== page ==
I am posting a day early because tomorrow morning I will be busy cooking turkey and accompaniments for a 1 p.m. Easter Dinner.
Yesterday’s Friday Night Flick was my 300th post. In celebration (and because it is seasonally appropriate) here is my printable DIY Easter Bunny. Actually it turned out to be more of an Easter hare, which is geographically appropriate. We often see snowshoe hares (sometimes referred to as bush bunnies) and jackrabbits, but no real rabbits.
This is the test bunny I made.
You can download a printable pdf here.
I printed mine on 67# (145 gsm) cover stock, but something a little heavier might work better. If you use heavier card you will have to make the slits a little wider when you come to that step.
Cut out the parts for one bunny and (optional) egg.
Pierce a small hole at the interior end of each dotted line: three holes on the head/body, one each on ears, forelegs, and hindlegs. (One of the holes is indicated by a pink pointy finger on the image above.) Cut from the holes to the outer edge along the dotted line. (This is where you will need to make two cuts to allow for the extra thickness if you are using heavier card stock.)
Score a line down the middle of each ear, then gently fold edges forward to make the shape more natural for a bunny.
Fold the hind legs and forelegs in half: hind legs fold forward, forelegs fold down. Insert leg and ear parts in appropriate slots in head/body part.
After assembly you can further adjust the extremities to create a more natural look. I added bends in the forelegs and tilted one of the ears.
You can draw on or colour the bunny and egg. If you want to make bunny place cards for Easter Dinner, you can write a name on the egg. (If you are using the bunnies this way I would suggest gluing the egg to the bunny for stability.)
You can also print the bunnies on coloured paper,
or use several colours and create harlequin rabbits. (Who knows what an Easter bunny really looks like?!)
When I was cutting out bunnies, I noted the resemblance of the head/body part to both gophers and kangaroos. If you made the hind legs bigger, the forelegs shorter, the ears slightly shorter, the nose a little longer, and cut a long tail you would have a kangaroo. If you made the ears much smaller and rounder, the tail thinner, and shortened the forelegs, you could have an Easter gopher, which would also be appropriate for where I live. There are six bunnies on a sheet so you have some spare parts to play with. Have fun!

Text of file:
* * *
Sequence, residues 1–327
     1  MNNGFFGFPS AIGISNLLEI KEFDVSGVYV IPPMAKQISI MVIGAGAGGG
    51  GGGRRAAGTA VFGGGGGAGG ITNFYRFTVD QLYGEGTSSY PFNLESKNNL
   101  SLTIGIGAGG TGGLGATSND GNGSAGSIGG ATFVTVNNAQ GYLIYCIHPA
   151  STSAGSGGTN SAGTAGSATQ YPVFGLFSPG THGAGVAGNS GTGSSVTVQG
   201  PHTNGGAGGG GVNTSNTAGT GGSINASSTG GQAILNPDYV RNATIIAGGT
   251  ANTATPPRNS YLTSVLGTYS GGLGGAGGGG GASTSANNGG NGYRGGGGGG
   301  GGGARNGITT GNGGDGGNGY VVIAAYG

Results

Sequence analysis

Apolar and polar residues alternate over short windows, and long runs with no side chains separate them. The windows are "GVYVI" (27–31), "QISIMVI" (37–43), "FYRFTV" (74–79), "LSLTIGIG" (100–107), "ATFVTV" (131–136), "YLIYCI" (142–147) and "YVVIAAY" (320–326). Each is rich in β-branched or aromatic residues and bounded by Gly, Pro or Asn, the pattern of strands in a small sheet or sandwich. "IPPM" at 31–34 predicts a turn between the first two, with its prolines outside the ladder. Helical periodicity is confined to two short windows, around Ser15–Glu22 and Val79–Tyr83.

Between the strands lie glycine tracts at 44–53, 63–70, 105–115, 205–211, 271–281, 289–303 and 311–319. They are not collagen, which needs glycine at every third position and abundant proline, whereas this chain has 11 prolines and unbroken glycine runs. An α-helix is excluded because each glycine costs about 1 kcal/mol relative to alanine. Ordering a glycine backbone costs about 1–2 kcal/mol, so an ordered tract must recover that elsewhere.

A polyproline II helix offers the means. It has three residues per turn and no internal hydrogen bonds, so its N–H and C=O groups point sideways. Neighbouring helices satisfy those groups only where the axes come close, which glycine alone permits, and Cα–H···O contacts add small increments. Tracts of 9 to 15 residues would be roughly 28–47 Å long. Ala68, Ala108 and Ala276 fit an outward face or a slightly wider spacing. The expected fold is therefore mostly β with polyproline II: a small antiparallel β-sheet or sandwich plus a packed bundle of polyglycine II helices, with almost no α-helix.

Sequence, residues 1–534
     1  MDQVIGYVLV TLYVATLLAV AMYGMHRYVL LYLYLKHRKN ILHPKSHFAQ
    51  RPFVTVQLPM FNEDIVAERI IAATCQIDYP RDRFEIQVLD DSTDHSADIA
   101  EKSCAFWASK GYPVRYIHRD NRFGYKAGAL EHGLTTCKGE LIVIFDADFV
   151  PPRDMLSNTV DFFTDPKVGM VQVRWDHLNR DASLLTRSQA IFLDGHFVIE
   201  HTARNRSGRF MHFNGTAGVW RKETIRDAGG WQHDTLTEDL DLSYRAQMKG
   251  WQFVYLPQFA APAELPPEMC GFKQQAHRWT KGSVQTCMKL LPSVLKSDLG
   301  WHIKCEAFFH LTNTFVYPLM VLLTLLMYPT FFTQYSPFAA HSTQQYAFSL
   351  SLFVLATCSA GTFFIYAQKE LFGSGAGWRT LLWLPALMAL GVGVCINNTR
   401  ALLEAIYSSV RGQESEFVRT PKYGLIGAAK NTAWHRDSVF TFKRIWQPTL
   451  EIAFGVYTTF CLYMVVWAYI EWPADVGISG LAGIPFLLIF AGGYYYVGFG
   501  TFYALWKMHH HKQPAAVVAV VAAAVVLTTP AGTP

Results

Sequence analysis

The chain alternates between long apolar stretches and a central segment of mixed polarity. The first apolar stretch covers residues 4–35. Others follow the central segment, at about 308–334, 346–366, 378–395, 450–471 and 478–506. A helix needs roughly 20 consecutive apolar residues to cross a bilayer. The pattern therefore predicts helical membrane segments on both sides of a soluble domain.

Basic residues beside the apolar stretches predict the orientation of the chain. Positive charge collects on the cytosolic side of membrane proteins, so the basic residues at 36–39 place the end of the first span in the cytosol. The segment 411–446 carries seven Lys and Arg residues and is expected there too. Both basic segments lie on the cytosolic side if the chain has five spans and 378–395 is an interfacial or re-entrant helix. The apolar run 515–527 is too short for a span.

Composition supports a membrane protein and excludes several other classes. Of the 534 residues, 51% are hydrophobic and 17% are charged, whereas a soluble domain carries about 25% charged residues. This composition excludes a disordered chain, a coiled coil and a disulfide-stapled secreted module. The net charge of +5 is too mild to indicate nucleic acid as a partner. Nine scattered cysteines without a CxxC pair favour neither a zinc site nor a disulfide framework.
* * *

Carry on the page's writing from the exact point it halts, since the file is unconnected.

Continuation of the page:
If you prefer folding paper to cutting it, there is an excellent origami instruction video on Paper Kawaii. Her bunnies look like this:
My first attempt looks like this,
and resembles an armadillo more than a bunny, especially when seen in profile. I used pastel paper which was probably a bit heavy but allowed me to re-do some of the folds a number of times. I still don’t have the ear/head/neck relationship right. The instructions are excellent, but the folding is a more interpretive style and not the mathematical creasing I am used to.
Or if you just want some pretty bunny paper to use for origami or to wrap something small, you can find some here. The 150 dpi downloads are free. I test printed one and it worked just fine on standard cheap printer paper.
In book arts news:
I pledged for another Kickstarter two weeks ago —W. A. Dwiggins: A Life in Design. It has now reached almost triple the original funding goal with two weeks remaining until the deadline. If you are interested in the history of American design, lettering, typography, stencil/pochoir illustration, or even marionettes, you might want to check it out.
And in knitting news:
Dollar Store Diva is finished, blocked, and ready to wear —when the weather warms up again! The edge is much better after re-knitting, blocking, and the judicious application of a steam iron. (If I am going to do more lace knitting that requires ‘hard’ blocking, I will need a better system than laying things out on the washer and dryer and pulling them into shape repeatedly as they dry!)